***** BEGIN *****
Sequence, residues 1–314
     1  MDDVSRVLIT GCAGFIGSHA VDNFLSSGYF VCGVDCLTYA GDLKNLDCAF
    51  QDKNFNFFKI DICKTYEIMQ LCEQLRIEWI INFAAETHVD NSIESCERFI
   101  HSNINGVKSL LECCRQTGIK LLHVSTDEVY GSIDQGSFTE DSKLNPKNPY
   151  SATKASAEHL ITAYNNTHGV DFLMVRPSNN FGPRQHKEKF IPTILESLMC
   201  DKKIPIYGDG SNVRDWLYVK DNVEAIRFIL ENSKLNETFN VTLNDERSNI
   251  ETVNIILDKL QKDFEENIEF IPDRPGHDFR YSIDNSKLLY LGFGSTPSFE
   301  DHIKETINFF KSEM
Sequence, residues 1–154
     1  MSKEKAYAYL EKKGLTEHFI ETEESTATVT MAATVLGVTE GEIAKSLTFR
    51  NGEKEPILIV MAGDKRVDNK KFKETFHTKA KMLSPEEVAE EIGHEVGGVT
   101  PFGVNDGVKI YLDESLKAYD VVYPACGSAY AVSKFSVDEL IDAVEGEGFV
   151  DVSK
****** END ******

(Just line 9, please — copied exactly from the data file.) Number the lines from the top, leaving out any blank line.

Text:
Sequence, residues 1–154